Then, just to indicate the bait-and-switch logic these guys use, Goddard came back with a claim that the 1956 drought in Texas was worse, as if that means the current drought doesn’t exist. Fore reasons apparent only to those whose heads get pinched by tinfoil hats, he also notes the CO2 levels for 1956. I think I know what point he’s trying to make, but someone should tell him that apples are not oranges, and comparing apples and oranges to pomegranates doesn’t increase the supply of tennis balls.
Every once in a while a factoid crosses the desk and/or mind of an otherwise badly-informed person who denies global warming is a problem, and without bothering to check the significance of the factoid, the denialist world ramps up The Crazy Rant.
Former AGW poster child Lake Powell water levels have been rising rapidly over the last few years.
Goddard’s claim is a grand example of the triumph of ignorance over experience, science, data, history and the law, in discussions of climate change.
Did Goddard read his own chart? It shows a decline in lake level from 2010.
Goddard’s own chart shows a decline in Lake Powell’s March 20 level, from 2010; did he look at the chart? Even Goddard’s source says, “Lake Powell is 89.99 feet below Full Pool (Elevation 3,700).”
“Full pool” level is 3,700 feet elevation (the height of the surface of Lake Powell above sea level). Goddard’s chart shows the lake hasn’t been at that level since 2000 (and it was declining for some time prior to that). Goddard’s chart shows four years of rise compared to seven years of decline.
In the Upper Colorado River Basin during water year 2010, the overall precipitation accumulated through September 30, 2010 was approximately 90% of average based on the 30 year average for the period from 1971 through 2000. For Water Year 2011 thus far, the estimated monthly precipitation within the Upper Colorado River Basin (above Lake Powell) as a percentage of average has been: (October – 135%, November – 95%, December – 225%, January – 50%, February – 100%, March – 90%)
The Climate Prediction Center outlook (dated March 17, 2010) for temperature over the next 3 months indicates that temperatures in the Upper Colorado River Basin are expected to be above average while precipitation over the next 3 months is projected to be near average in the northern reaches of the basin while below average in the southern reaches of the basin.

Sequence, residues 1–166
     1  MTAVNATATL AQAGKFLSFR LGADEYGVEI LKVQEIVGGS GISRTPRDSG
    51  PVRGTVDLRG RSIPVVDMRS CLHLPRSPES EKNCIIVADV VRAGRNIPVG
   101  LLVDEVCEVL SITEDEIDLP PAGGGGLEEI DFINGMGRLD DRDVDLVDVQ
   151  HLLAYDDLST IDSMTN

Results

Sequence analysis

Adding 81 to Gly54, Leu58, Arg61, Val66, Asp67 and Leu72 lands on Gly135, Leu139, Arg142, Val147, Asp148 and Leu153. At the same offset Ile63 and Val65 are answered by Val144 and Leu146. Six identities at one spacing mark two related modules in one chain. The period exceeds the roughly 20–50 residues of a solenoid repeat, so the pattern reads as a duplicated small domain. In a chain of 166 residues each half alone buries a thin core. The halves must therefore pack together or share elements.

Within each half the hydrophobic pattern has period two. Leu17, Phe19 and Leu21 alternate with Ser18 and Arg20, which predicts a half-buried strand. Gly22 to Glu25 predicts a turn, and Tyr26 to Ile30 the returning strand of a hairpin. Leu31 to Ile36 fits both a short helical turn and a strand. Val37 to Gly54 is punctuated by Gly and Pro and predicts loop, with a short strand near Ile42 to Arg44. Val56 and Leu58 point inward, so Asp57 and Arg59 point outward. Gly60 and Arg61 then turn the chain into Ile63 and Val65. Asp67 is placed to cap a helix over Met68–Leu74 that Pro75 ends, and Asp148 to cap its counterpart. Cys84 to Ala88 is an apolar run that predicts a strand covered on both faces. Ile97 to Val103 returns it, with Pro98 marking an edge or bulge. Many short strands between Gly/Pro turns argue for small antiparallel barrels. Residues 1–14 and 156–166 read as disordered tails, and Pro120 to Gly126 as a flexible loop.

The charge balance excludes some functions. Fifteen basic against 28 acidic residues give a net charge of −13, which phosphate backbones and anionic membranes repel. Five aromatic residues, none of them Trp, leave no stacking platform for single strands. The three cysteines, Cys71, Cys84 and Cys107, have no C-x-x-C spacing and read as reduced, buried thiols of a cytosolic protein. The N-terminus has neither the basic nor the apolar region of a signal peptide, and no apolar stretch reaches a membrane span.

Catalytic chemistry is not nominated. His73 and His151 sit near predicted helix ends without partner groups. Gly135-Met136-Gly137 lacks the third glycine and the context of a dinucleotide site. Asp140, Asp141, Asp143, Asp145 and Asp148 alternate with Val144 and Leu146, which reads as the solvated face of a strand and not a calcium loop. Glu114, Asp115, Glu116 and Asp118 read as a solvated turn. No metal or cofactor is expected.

Upper Colorado River Basin Drought
The Upper Colorado River Basin continues to experience a protracted multi-year drought. Since 1999, inflow to Lake Powell has been below average in every year except water years 2005 and 2008. In the summer of 1999, Lake Powell was close to full with reservoir storage at 23.5 million acre-feet, or 97 percent of capacity. During the next 5 years (2000 through 2004) unregulated inflow to Lake Powell was well below average. This resulted in Lake Powell storage decreasing during this period to 8.0 million acre-feet (33 percent of capacity) which occurred on April 8, 2005. During 2005, 2008 and 2009, drought conditions eased somewhat with near or above average inflow conditions and net gains in storage to Lake Powell. 2011 will be another above average inflow year so drought conditions are easing somewhat in the Colorado River Basin. As of April 18, 2011 the storage in Lake Powell was approximately 12.73 million acre-feet (52.3 % of capacity) which is below desired levels. The overall reservoir storage in the Colorado River Basin as of April 18, 2011 is approximately 31.40 million acre-feet (52.8 % of capacity).